Raging Bull appears in an aspect ratio of approximately 1.85:1 on this Blu-ray Disc. Much of the transfer looked good, but some problems cropped up along the way.
Almost no concerns connected to definition occurred. A few wide shots demonstrated a little softness, but that was it. The rest of the time the movie looked quite distinctive and crisp. I saw no issues with jagged edges or moiré effects, and edge enhancement remained absent.
Contrast was strong, with solid distinction in the black and white tones. The dark elements were firm and rich, while shadows seemed clear and well-defined. I liked the look of the photography, as it gave us a fine black and white presentation.
The image lost virtually all of its points due to source flaws. Throughout the film, I witnessed examples of specks, marks and spots. While these never became heavy, they cropped up with moderate frequency and created distractions. The rest of the movie looked good enough to bring this to “B-“ level, but the dirtiness made it a bit of a letdown.
As for the DTS-HD MA 5.1 soundtrack of Raging Bull, it gave us a restrained affair. The soundfield stayed oriented toward the front and usually emphasized general ambience. Various elements from the environment popped up on the sides; for example, when Jake would get violent with a loved one, we might hear him break items in the right or left speakers. A little moderately directional dialogue occurred as well, though those examples weren’t terribly clear. The music didn’t present great separation, but it spread acceptably across the front.
Surrounds usage was generally limited to the fights. Those featured the crowds in the back speakers as well as the dramatic slowed-down sounds that accentuated the animalism of La Motta’s battles. The soundfield didn’t present a lot of information, but honestly, that was probably a good thing. Frankly, I’d have preferred a mono mix, as that would match the movie’s period feeling.
Audio quality was good. Speech occasionally suffered from a little edginess, but the lines usually sounded acceptably concise and clear. Effects were also tight and reasonably accurate, with a bit of low-end for some of the dramatically accentuated fight sounds. Music stayed in the background and didn’t play much of a role, but the score was fairly smooth. There wasn’t a whole lot to the mix, and that meant I felt it merited a “B” as a fine but unexceptional piece from 1980.
How did this Blu-ray compare to the Special Edition DVD? Audio was similar, as I didn’t think the two 5.1 tracks appeared significantly different.
Visuals were a different story, and the Blu-ray usually fared better. It offered greater depth and showed superior definition. However, I thought the Blu-ray looked dirtier than its DVD predecessor. It’s still a step up due to the improved delineation, but the presence of so many print flaws became a disappointment.
The Blu-ray repeats the SE DVD’s disc-based extras and adds some new ones. I’ll mark Blu-ray exclusives with special blue print.
We start with three separate audio commentaries. The first features director Martin Scorsese and editor Thelma Schoonmaker, both of whom provided separate running, screen-specific tracks that were edited together. The pair cover a wide mix of topics. We learn about Scorsese’s initial interest in the project and its development as well as a little about Schoonmaker’s early career. In addition, we get notes about casting, locations and shooting challenges, editing and problems encountered during improvised sequences, musical choices, the movie’s visual style and use of slow-motion, the decision to go with black and white, and other production issues.
I can’t quibble with the material discussed, as both Scorsese and Schoonmaker help broaden our understanding of the film. My main problem with the commentary stems from the preponderance of dead air. Quite a few gaps occur, and these make the track move slowly much of the time. It’s still a generally interesting piece, but it’s not a great one.
For the second commentary, we hear from producers Irwin Winkler and Robert Chartoff, director of photography Michael Chapman, casting director Cis Corman, sound designer Frank Warner, music supervisor Robbie Robertson and actors Theresa Saldana and John Turturro. All of them were recorded separately for this edited commentary. You can probably figure out what subjects they discuss based on their job descriptions. We get a nice overview of many different topics.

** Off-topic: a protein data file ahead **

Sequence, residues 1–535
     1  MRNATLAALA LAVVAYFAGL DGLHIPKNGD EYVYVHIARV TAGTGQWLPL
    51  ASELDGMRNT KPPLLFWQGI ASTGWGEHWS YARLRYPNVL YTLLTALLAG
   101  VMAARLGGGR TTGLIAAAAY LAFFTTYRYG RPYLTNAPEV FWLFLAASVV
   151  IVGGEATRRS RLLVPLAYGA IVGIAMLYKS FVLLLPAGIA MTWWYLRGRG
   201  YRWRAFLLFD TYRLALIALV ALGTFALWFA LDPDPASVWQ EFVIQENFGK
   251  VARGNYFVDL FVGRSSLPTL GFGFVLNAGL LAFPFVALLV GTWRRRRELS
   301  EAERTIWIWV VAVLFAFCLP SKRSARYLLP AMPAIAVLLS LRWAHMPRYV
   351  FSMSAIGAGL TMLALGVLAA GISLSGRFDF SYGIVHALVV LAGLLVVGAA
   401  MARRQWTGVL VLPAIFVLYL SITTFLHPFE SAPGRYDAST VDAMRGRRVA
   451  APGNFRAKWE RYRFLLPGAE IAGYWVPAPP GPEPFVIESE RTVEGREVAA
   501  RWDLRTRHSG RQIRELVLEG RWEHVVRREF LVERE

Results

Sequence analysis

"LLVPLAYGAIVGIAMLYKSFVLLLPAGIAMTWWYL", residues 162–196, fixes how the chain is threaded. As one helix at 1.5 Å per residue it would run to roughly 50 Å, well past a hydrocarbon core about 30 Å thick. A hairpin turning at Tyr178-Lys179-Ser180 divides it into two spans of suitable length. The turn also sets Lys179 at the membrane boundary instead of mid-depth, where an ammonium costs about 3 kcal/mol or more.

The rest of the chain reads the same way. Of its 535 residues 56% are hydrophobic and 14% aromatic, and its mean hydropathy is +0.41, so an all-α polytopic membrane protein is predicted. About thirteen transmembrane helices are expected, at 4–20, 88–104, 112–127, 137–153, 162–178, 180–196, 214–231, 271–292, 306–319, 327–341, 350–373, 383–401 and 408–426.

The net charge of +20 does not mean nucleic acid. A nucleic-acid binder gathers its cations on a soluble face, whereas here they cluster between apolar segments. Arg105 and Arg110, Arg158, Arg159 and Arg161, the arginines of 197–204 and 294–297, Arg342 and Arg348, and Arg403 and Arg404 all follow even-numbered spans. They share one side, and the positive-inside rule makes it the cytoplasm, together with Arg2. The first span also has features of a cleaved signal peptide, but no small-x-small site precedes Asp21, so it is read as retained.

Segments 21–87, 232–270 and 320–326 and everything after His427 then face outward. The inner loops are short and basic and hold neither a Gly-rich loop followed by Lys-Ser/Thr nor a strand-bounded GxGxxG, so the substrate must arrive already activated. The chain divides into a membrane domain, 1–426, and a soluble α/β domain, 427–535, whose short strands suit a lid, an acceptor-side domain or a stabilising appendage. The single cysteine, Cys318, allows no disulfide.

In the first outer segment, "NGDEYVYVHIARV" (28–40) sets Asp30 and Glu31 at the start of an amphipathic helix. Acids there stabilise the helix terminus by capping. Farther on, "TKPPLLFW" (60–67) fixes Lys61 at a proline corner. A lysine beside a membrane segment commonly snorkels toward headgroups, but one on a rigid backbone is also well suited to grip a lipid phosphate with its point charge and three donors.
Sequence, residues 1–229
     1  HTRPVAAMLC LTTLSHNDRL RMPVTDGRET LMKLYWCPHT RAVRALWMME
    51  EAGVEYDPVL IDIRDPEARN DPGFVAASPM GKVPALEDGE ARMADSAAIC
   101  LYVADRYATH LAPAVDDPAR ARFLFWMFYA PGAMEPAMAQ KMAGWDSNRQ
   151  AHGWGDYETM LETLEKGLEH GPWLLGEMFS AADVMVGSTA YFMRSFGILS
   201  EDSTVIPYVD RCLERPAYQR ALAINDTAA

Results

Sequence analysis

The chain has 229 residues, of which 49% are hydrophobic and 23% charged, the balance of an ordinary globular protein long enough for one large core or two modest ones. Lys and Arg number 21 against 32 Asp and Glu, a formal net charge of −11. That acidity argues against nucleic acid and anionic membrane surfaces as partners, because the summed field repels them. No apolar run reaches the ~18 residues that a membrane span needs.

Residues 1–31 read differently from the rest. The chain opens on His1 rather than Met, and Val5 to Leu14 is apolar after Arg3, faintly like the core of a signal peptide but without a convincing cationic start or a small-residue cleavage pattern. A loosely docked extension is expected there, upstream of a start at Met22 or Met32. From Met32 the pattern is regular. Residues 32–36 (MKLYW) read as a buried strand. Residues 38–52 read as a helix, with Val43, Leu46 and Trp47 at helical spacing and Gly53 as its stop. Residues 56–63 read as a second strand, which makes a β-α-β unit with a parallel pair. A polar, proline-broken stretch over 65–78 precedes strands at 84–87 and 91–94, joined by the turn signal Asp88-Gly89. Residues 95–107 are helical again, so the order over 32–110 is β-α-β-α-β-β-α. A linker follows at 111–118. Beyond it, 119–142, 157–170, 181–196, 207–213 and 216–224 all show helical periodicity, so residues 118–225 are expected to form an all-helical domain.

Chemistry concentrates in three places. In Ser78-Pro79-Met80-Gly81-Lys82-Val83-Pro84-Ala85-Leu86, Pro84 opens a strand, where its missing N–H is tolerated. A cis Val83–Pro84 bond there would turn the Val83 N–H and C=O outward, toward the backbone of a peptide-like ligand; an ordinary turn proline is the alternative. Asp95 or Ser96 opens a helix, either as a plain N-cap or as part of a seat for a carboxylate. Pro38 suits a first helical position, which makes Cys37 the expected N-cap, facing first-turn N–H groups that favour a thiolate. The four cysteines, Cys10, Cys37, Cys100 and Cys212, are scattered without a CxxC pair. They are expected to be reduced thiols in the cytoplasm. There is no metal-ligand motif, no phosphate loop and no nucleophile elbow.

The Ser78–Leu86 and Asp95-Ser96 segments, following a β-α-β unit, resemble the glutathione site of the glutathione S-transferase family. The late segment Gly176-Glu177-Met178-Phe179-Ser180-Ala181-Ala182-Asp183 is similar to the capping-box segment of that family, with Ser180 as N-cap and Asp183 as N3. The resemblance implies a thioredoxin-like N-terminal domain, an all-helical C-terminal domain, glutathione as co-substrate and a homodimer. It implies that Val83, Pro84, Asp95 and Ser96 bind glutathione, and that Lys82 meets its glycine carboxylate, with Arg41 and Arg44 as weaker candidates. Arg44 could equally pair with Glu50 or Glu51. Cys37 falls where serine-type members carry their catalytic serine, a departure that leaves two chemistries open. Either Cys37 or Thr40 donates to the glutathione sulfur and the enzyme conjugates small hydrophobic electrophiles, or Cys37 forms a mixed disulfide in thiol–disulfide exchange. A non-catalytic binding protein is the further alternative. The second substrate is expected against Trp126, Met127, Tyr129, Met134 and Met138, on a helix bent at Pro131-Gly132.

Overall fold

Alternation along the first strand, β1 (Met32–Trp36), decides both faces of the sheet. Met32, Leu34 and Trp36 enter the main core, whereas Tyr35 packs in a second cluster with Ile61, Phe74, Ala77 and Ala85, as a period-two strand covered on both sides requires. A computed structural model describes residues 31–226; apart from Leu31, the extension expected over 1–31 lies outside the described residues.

The issues include casting and working with the actors, getting financial support for the film and nursing it to completion, the use of black and white photography and its challenges, other visual concerns, selecting and recording the music, and creating the audio. Unlike the Scorsese/Schoonmaker track, this one suffers from virtually no downtime. It cranks along from start to finish and gets into a mix of useful topics. A little material repeats from the earlier piece, but most of it’s fresh, and this becomes a lively and very informative chat.
Lastly, the final commentary includes remarks from Jake La Motta and screenwriters Mardik Martin and Paul Schrader. As with the prior tracks, the various participants sat separately and had their notes edited together. For his portions, La Motta chats with his nephew, Jason Lustig. He doesn’t really participate as more than an interviewer, though, so I didn’t include him as a featured participant in the commentary.
As one might expect, La Motta mostly focuses on the facts of his life. He discusses the various elements that show up in the movie and embellishes on many of these. La Motta most strongly comes to life when he talks about his fights; he seems more evasive when he gets into parts of his personal life, though he still opens up with some of those tales. Actually, he enters “too much information” territory at times; when he talks about pounding his fists and head against the wall, he says it turned him on and made him orgasmic. I’m not sure if he’s joking, but it’s a creepy thought anyway. La Motta even performs the monologue from On the Waterfront along with De Niro at the movie’s end!
The writers deal more with how they created the script. We get notes about Martin’s initial work and the refinement Schrader did. We find a lot more from Martin than from Schrader, as the latter pops up pretty infrequently. Both men present useful comments, though. I especially like Martin’s discussion of improvisation and the loose way some folks throw around the term. Overall, all three parties involved with the commentary help make it consistently involving and informative.
Next comes a collection of featurettes. The 26-minute Before the Fight comes first and presents movie clips, archival materials, and interviews. We hear from Chartoff, Winkler, Scorsese, Martin, Schrader, and actors Robert De Niro, Cathy Moriarty-Gentile, Frank Vincent and Joe Pesci. They discuss the roots of the project and De Niro’s interest in it, the development of Bull and Scorsese’s reluctance to take on the flick, writing the screenplay and research, revisions to the script, obtaining financing and dealing with the studio, and casting and approaches to the roles.